GD: We need to identify what isn’t going so great? It usually is that “I just don’t have the income I expected.” Or “I don’t have the clientele I expected.” Some people struggle with picking up the phone and do “cold calling”. Few people want to go from door to door, business to business.
The big question is, how do get what I want? How do I create a life that I want, a business that I want, the clientele that I want? And it’s all three of them integrated. We really want to make sure that the business owner is inspired and empowered. We take a look at what they are committed to, and figure out what actions are required to get them there.
AK: Have you ever seen anyone “fail” to the point that you actually recommended that they go back to a full time job?
GD: Absolutely. Some people have a nice idea, and no commitment of action. We figure that out really quickly. It is great for my clients to be in touch with reality.
AK: Do you also work with large organizations and how is that different from a one person operation or a small startup?
GD: Yes, I do work with large organizations as well, and it is quite different. It all has to do with resources. There we are managing teams with usually large resources and budgets. And so the “reach” is a lot broader. But so are the goals, the quests, so what we really look at is how can we make a difference with teams, groups of people.
AK: When looking for a business coach, what are the things a new business owner should look for in a business coach?
GD: First of all, you want to have someone as a coach, you can actually work with. That requires a few things. First, your personalities need to get along. Second, they need to be available to you. Certainly, you’ll have sessions together, but if you have a question or concern, are they available? Do you have their cell phone number? Can you get a hold of them? Do they respond quickly? It’s also important if they have ideas of your business? Do they understand your challenges? Where you want to be? What do they have to say about that? What kind of background do they have? Have they owned businesses? Do they have experience managing businesses like yours? And of course, will you work well with them? Would you take the coaching? Are they hands on? Do they ask how you are doing? Do they give you homework? Are there any in-between sessions conversations?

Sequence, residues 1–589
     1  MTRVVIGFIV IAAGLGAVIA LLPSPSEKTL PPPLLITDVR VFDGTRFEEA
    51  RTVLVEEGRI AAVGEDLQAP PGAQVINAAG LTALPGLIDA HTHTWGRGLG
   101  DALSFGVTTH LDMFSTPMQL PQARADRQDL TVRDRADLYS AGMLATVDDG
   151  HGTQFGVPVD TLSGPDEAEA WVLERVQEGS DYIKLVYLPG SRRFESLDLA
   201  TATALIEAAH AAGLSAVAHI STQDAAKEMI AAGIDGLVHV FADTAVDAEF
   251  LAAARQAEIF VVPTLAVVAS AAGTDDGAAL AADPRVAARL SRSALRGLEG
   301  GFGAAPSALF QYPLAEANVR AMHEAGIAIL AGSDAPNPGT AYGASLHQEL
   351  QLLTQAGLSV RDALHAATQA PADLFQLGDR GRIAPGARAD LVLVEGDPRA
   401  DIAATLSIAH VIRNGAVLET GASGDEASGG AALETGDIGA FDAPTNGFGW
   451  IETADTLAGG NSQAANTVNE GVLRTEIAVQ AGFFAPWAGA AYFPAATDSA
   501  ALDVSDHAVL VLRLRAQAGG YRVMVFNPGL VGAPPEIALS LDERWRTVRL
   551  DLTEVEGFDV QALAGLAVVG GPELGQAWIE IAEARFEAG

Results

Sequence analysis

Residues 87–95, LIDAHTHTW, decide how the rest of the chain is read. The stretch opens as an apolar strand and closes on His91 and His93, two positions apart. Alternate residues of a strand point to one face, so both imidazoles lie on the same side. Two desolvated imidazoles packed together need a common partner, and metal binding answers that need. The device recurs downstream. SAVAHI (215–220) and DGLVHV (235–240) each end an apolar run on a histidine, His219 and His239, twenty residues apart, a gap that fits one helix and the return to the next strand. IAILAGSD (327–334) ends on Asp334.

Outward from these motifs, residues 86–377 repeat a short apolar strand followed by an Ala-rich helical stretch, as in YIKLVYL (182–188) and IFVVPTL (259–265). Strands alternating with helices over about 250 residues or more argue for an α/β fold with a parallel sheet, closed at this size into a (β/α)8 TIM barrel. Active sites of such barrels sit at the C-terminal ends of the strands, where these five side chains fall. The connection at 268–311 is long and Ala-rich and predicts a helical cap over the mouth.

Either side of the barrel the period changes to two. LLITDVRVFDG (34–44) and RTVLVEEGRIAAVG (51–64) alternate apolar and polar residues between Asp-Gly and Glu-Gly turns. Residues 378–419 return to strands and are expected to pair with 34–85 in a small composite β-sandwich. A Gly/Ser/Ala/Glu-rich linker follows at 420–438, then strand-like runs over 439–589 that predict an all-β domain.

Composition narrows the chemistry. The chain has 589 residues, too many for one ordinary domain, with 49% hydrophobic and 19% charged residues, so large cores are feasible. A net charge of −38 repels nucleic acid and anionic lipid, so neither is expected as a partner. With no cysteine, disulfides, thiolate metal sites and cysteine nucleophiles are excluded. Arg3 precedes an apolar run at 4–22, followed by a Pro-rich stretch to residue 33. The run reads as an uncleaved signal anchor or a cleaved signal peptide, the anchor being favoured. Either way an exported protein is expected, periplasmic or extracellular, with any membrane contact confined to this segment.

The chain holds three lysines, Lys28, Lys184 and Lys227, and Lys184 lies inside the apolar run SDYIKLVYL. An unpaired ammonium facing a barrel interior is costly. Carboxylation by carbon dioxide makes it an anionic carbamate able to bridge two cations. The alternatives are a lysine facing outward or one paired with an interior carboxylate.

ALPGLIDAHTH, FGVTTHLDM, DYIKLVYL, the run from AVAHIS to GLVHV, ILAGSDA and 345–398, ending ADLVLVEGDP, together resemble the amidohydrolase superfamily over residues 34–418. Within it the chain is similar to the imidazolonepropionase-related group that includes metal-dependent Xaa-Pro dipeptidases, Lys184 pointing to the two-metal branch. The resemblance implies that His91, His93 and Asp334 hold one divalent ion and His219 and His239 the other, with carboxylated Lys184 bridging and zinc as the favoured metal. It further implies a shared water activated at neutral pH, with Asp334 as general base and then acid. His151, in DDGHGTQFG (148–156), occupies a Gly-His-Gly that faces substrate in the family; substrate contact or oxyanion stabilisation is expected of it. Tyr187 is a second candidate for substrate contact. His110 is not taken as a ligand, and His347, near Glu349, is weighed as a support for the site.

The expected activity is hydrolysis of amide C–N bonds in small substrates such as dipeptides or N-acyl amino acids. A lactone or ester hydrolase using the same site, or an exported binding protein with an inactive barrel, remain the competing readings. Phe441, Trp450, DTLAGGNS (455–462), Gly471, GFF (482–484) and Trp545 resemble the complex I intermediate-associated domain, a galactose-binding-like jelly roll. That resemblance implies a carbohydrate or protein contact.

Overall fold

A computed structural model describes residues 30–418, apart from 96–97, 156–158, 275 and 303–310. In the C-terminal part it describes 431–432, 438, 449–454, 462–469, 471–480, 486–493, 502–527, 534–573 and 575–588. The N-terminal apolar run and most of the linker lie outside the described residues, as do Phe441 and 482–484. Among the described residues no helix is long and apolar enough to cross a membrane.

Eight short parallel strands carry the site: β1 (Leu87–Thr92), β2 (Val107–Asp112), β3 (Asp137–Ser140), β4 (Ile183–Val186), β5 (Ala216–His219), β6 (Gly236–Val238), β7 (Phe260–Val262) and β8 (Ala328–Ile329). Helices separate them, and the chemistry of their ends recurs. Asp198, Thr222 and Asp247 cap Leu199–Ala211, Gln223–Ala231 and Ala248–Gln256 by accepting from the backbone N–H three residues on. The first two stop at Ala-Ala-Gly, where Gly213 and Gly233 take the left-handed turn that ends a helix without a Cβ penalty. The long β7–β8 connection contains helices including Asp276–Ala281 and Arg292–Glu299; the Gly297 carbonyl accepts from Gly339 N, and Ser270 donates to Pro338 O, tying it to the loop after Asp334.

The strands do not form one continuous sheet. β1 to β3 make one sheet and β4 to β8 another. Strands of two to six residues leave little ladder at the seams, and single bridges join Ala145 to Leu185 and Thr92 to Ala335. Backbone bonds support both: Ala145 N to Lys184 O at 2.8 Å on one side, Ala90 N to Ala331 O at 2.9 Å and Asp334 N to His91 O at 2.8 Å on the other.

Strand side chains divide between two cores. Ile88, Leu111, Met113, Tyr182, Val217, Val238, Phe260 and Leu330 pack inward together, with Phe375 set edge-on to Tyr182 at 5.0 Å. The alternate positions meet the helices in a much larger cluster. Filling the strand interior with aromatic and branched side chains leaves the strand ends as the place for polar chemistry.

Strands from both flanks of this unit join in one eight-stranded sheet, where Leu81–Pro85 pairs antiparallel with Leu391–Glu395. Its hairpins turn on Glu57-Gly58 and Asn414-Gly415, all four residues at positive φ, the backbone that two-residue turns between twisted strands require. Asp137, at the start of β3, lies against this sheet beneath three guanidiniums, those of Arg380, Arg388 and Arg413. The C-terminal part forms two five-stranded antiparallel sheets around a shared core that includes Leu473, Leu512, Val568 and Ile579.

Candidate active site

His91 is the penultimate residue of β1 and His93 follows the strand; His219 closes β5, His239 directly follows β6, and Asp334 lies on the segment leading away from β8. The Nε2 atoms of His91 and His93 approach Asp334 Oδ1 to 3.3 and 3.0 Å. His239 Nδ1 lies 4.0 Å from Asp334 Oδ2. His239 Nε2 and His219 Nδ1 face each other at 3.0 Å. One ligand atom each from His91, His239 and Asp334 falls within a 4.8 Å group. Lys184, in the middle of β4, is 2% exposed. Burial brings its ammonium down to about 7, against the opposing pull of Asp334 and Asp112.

It’s also a nice thing if they have an “interview” process, a free session to answer your questions and concerns before you sign up with them.
AK: Any final words of advice for small business owners and those who are thinking about becoming their own boss?
GD: Yes… Enjoy the ride! There’s going to be a lot of ups, and there’s going to be some downs. Be really cognizant of your financials. How’s your cash flow doing? How’s your prospecting going? Who’s going to be your next client? Are your existing clients being taken care of?
You really want to live your business.
Gregory Doomanis, Senior Business Coach with RSC Business Group can be reached at email@example.com, or 949-510-4303. Please also visit www.rscbusinessgroup.com for more great advice and training programs.
Anna Kernbaum is the founder/owner and chief creative of Pixellent Design. You can contact Anna directly at firstname.lastname@example.org, or by calling (310) 896-5071